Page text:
There's a cardinal rule in pro sports when it comes to providing so-called "bulletin board" material to the opposition.
So the Montreal Canadiens' Lars Eller should have known that the fertilizer might end up hitting the ventilating device when he likened the Edmonton Oilers to a "junior team" when asked before Tuesday night's game what he expected from his opponents.
"It can be anything, you know? They play a little bit like a junior team, I think, sometimes. They take a lot of risks, a lot of chances, they're a little all over the place. There's not a lot of structure, always, in their game," quoth Eller.
After the Oilers beat the Habs a few hours later, Edmonton coach Dallas Eakins said of Eller: "he might as well have sent me a fruit basket and a bottle of wine."
"We thank Lars Eller for his comments before the game. Awesome," Eakins said.
Montreal counterpart Michel Therrien gravely intoned that Eller's remarks were "unacceptable" and that "he's a young player, he'll learn from this."
Okay, fine and dandy.
It's all very good theatre, and the talking heads will lap it up (guess this is the end of Eller as a reliable and thoughtful quote).
Except this would all be more convincing if what he said wasn't true.
People will focus on the "junior team" phrase, but the Oilers do in fact sometimes look like a junior team, they certainly did in the first period on Tuesday; after trying to trap the Habs to death in the first half of the first period they yielded two goals – one by Tomas Plekanec on a power play, the other by Brendan Gallagher after an egregious defensive zone turnover by Ryan Jones.
They only really started turning up the heat at the midway point of the second, and only after giving up some gilt-edged chances.
It could have been a lot worse, much-maligned Edmonton goalie Devan Dubnyk ensured it didn't get out of hand.
Before the Oilers get too self-congratulatory, it should be pointed out that they gave up a raft of scoring chances and were at least semi-fortunate to get back into the game.
The Canadiens haven't been very good in the second period this season, and they weren't again this night.
The Habs have out-scored the opposition 23-10 in the first and third frames, but have been outscored 9-6 in the second.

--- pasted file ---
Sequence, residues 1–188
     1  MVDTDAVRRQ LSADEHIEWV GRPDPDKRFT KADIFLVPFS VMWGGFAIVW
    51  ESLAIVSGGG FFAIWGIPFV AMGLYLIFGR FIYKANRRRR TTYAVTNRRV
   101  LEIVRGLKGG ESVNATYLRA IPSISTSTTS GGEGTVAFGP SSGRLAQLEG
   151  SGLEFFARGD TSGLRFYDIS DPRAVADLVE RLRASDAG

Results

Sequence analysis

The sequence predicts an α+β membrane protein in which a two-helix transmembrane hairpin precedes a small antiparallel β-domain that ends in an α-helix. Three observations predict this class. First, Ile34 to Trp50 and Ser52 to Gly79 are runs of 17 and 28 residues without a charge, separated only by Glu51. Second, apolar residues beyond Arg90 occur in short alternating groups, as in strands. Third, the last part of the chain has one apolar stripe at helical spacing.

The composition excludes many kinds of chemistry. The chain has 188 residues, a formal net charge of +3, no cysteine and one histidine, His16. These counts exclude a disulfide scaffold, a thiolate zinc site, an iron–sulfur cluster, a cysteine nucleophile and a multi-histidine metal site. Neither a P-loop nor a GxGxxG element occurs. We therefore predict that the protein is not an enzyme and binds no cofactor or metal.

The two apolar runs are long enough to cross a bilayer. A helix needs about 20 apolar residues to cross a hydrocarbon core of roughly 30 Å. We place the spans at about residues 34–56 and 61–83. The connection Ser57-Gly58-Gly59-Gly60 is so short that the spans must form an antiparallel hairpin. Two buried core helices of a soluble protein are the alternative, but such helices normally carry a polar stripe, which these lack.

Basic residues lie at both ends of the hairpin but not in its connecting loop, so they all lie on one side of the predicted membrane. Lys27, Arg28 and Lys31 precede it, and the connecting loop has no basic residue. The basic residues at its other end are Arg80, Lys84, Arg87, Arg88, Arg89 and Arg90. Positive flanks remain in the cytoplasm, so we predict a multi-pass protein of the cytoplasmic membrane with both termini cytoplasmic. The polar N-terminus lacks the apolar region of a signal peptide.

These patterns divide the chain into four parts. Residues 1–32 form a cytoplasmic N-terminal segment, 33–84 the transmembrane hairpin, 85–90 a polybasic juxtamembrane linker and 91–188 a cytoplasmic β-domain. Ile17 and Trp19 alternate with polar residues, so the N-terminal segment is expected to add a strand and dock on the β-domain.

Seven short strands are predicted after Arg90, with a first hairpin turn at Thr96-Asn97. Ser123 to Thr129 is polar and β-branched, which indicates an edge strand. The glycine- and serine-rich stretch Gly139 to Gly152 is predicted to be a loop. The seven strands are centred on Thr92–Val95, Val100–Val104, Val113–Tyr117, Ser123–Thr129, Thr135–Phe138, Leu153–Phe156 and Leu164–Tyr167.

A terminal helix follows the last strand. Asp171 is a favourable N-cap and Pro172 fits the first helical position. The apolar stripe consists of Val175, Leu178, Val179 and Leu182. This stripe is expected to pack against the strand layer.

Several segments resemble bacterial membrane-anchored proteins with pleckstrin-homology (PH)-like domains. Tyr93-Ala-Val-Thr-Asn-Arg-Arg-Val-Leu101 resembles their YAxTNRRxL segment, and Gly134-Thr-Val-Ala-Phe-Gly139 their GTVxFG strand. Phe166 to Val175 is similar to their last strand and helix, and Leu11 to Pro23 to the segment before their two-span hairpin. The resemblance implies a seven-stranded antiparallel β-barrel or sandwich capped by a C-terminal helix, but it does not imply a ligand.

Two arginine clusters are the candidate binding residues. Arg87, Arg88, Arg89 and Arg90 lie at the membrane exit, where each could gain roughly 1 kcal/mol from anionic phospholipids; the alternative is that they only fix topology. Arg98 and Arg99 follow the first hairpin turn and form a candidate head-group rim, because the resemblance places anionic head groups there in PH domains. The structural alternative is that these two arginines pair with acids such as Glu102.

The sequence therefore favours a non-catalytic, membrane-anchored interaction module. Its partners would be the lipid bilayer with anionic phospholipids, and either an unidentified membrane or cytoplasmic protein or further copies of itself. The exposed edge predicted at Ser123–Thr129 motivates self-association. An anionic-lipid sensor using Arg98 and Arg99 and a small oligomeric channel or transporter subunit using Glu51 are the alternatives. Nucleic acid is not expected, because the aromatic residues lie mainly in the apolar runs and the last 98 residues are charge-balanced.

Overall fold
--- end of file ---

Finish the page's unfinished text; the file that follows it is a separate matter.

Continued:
"I wish I knew why," said Therrien. "We're not going in there between the first and the second and telling guys to change the game plan."
He mused that it might be a function of his young team's lack of maturity defensively, whatever it is it will have to be fixed, and quickly – the Habs play Anaheim and San Jose later this week, and will want to avoid piling up too many losses.
As it was, the Habs might have made it 3-0 when Alex Galchenyuk laid a slick toe drag on Edmonton defenceman Justin Schultz and walked into the slot, but Gallagher couldn't bat a bouncing puck past Dubnyk.
The Oilers set sail back up the ice, and after some iffy back-checking by Galchenyuk and Eller, Ales Hemsky's knuckling wrister squibbed between Carey Price's right arm and body.
Edmonton's next goal was similarly fortuitous, the puck took a friendly carom off the side boards to an uncovered Ryan Nugent-Hopkins, whose slapshot rebounded of Price's right pad directly to Ladislav Smid, who slotted the puck home.
The Oilers' third goal, which came after a sprightly opening to the third period – their only truly convincing stretch of the game – wasn't anything to do with luck (although the off-setting minor penalties that preceded it might have done), Nugent-Hopkins took advantage of an over-committed Josh Gorges to create an odd-man rush and make a sweet set-up that Jeff Petry could have walked into the net.
Their fourth straight goal came after the Habs' Ryan White threw an aimless pass up the middle, and Price couldn't cover David Perron's wrister before Jones stuffed it by him (and then proceeded to high-stick Perron during his goal celebration, chipping his front teeth) "I didn't feel all that great today, to be honest, we'll get prepared tomorrow for the next one," said Price, whose form in the last four games should be considered a mitigating factor in assigning blame for this one.
The upshot of the game – it finished 4-3 after Brian Gionta scored a meaningless goal in the final three seconds – is that the Oilers have the dagger between their teeth ("we're counting it as a streak right now, it was a huge win for us tonight").
They've won two in a row, and are headed home after a draining road trip.
The Habs, meanwhile, have lost two straight – and have blown sizable leads twice in the last week – and will need to white-knuckle their way through the next couple of weeks as they await the return of top-six forwards Max Pacioretty and Daniel Briere, and inspirational leader Brandon Prust.
Those absences present a thornier problem than anything anyone might say in a pregame scrum.
Follow me on Twitter: @MrSeanGordon
Get all the latest Globe and Mail hockey coverage on Twitter: @globehockey